IoT can help determine what preventive maintenance tasks are really necessary, and what is a waste of time and money.
by Paul Lachance
October 24, 2019

Is there such a thing as too much preventive maintenance?

The answer, surprisingly, is yes. It is always better to see organizations do more preventive maintenance tasks (PMs) than not enough, but to supercharge profitability related to maintenance costs, the internet of things (IoT) can actually help reduce the amount of traditional calendar-based PMs a user can do.

IoT is an acronym about as popular as a top hit on the radio, but organizations rarely understand what it is or, even more important, how it can benefit users. IoT refers to devices that are connected to each other, often through the internet, and work together or communicate. The industrial internet of things (IIoT)—a major subportion of the fourth industrial revolution (Industry 4.0)—has been making waves in the manufacturing industry, creating a new level of connectivity.

IoT’s Impact on Maintenance

In the old days, if a pump was having an issue, a user relied on human senses (sight, touch, smell, etc.)—assuming the problem was caught before catastrophic and profit-killing downtime.

For example, when personnel notices rattling noises and high vibration levels along with pitting damage to the impeller, it might be a result of cavitation.

Cavitation is when the fluid’s pressure falls below the fluid’s vapor pressure at the center of the impeller. When this happens, the liquid vaporizes, and the tiny bubbles collapse fiercely causing a water spray to hit the impeller surfaces. This results in disintegration of the impeller and formation of tiny cavities, which reduces the operating life and increases wear and tear of the seals and bearings.

Again, pre-IoT, the worst of the cavitation may not have been caught until damage occurred.

In an IoT world, sensors can detect even the slightest of vibration, pump operating temperature (is it too high?) or the inflow pressure—any of which could be contributing to the situation. An alarm in the form of a notification to appropriate staff can be dispatched to examine and correct the problem, avoiding serious damage or downtime.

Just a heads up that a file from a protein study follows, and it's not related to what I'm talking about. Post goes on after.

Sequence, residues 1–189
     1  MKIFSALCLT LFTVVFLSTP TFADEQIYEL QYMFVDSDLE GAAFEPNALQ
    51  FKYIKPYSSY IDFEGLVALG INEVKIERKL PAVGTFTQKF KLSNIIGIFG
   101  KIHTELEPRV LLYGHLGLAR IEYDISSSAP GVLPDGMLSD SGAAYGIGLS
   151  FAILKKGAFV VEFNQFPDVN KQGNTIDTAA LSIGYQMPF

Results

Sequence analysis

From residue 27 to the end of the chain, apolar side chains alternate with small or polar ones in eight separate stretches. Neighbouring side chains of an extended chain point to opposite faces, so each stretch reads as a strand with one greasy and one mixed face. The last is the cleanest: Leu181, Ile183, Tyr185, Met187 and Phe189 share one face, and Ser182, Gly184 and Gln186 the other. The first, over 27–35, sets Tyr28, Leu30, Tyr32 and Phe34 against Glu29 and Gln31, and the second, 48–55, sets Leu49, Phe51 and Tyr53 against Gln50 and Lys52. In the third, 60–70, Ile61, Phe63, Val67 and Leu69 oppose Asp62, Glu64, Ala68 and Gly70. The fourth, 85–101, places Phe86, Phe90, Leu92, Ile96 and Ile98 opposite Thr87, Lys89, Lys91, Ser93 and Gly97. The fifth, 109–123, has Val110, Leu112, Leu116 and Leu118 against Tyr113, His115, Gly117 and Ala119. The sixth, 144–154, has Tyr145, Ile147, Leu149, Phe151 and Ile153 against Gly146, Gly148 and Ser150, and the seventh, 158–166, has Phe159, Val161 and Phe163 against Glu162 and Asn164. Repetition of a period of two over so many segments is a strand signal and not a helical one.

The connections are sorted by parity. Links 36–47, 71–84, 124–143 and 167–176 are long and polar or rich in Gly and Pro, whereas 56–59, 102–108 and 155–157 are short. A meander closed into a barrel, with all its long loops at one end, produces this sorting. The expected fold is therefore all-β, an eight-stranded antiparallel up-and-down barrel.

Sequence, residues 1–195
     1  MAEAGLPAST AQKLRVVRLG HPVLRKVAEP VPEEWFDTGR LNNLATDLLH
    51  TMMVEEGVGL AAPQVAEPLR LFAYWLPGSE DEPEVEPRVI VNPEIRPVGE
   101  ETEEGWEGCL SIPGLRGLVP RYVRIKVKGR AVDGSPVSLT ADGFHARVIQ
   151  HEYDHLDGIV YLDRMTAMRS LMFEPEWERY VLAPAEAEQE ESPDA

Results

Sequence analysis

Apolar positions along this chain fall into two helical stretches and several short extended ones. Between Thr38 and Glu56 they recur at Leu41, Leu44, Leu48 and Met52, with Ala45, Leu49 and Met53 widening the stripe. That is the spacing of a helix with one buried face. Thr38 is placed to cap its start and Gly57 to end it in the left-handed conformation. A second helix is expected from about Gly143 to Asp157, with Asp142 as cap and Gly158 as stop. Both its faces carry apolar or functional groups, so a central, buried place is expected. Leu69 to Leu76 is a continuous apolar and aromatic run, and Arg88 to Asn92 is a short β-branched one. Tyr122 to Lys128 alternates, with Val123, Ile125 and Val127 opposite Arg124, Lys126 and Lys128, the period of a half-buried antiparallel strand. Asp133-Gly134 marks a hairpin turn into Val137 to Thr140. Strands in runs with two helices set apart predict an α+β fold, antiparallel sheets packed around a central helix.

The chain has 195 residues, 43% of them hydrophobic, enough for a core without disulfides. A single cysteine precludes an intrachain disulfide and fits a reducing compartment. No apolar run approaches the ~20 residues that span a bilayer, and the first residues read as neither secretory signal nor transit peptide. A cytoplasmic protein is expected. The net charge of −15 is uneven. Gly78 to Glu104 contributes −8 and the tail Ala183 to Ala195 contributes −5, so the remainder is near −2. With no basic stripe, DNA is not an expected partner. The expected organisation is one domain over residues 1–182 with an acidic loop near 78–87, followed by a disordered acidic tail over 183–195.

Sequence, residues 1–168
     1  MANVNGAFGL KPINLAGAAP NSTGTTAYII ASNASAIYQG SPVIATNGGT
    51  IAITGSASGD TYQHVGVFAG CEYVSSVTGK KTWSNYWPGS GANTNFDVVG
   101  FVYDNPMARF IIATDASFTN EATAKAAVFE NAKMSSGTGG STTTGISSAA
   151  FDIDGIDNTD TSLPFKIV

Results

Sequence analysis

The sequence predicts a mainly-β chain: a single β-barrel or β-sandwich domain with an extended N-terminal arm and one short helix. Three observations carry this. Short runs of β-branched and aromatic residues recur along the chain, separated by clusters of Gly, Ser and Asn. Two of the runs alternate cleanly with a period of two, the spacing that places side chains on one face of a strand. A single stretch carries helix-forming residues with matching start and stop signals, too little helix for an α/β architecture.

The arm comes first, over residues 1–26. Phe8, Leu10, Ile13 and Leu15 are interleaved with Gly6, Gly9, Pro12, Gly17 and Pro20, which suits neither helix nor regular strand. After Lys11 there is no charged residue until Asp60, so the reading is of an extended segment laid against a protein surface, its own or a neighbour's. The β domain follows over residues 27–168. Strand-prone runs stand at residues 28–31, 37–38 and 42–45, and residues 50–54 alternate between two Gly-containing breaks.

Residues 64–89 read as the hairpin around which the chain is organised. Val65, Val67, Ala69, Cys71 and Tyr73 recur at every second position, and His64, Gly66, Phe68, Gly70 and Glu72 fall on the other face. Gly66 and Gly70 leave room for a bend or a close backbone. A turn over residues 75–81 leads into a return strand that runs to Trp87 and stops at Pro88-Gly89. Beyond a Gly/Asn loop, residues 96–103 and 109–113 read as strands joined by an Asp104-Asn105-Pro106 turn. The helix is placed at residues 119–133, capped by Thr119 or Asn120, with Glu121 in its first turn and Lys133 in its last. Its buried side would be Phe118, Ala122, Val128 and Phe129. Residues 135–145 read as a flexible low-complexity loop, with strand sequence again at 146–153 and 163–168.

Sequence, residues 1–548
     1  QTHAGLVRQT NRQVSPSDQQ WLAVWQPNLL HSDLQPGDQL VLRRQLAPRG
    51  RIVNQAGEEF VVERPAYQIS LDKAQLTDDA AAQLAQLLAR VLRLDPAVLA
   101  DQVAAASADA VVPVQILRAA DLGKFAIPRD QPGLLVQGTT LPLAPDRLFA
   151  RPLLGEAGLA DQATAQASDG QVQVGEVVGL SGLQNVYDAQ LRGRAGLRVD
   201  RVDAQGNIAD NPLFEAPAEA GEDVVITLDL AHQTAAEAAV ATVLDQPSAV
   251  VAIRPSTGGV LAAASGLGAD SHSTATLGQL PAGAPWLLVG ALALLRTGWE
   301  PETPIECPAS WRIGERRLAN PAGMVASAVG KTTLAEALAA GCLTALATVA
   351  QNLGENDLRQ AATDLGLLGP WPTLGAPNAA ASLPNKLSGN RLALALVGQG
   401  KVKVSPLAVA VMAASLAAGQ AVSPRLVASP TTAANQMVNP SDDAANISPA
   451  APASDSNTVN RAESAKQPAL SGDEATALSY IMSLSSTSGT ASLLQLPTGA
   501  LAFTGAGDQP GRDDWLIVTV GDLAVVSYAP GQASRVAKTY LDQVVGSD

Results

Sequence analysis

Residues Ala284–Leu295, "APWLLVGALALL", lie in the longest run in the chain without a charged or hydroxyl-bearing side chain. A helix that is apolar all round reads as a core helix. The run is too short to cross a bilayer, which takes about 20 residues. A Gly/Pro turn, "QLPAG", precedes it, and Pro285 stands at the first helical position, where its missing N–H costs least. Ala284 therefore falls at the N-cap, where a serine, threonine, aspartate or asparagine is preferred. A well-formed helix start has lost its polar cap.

In the Physical World

In any operation that relies on pumps and other assets and systems, physical sensors can be used to detect all types of metrics and data that indicate a pump’s health. Older pumps have little capability in terms of intelligence.

These assets can be retrofitted with a variety of sensors that can be attached to grab IoT data. Pressure, temperature, vibration and particulates are just a few examples of what can be monitored.

These modern sensors can broadcast the data in varying increments through the cloud/network back to staff dashboards. An operator or supervisor can easily detect issues much sooner than older manual inspection processes. More modern pumps will often have the ability to deliver this data built in. The process is similar in terms of where the data goes.

Given the wide variety (age, manufacturer, etc.) of assets and pumps in any industrial environment, the first step of an IIoT plan is to identify what data is available already and what assets will need to be retrofit with sensors—all tying back to the central dashboard.

In the Digital World

The data coming out of these assets can serve multiple purposes. Operationally, the data can help drive the following:

  • overall equipment effectiveness (OEE) calculations
  • real-time status of assets
  • run time summaries and alarms

The computerized maintenance management system (CMMS) is an important destination for much of this data, and it can help drive superior maintenance. If a pump is giving off a high temperature alarm and shuts down, a number of critical steps can occur. The asset (pump) should be set into an offline status, possibly notifying staff.

A work order should be created, optionally auto-selecting the best person/crew/contractor to be dispatched to work on the problem. All of this can be highly automated with a CMMS interfaced with IoT systems—pumps or any asset. This could be a complement to scheduling PMs based on a calendar.

Too Much PM?

Again, it is better to do more PMs than less. However, too much preventive maintenance can be done.

For example:

  • Doing PM on a major production asset every month on a regular schedule equals:

    • 3 hours downtime ($2,500 in potential loss production)
    • $200 in parts
    • $200 in labor
    • $2,900 x 12 = $34,800 annual cost
  • Doing predictive maintenance (or PdM) based on usage, about every six to seven weeks, equals:
    • 3 hours downtime ($2,500 in potential loss production)
    • $200 in parts
    • $200 in labor
    • $2,900 x 8.6 per year = $25,133 annual cost ($9,667 in annual savings)

It can be just as effective to intelligently maintain pumps using a quality CMMS and IoT data with fewer actual touches on the asset.

Getting There?

On the physical side, most organizations seek an IoT partner who can assess the assets/pumps and understand what data can already be delivered (if any) and how additional retrofit sensors could deliver additional metrics, etc. A CMMS system and partner can help analyze the goals, objectives and pain points to see how the CMMS software can help. A part of this process is to investigate the relationship between that physical and digital world so that the IoT data is more than just data, but information driving superior maintenance.

Conclusion

Catching problems early can lead to asset preservation, a more efficient pump and better profitability. The power of IoT can give end users the data needed to operate smarter.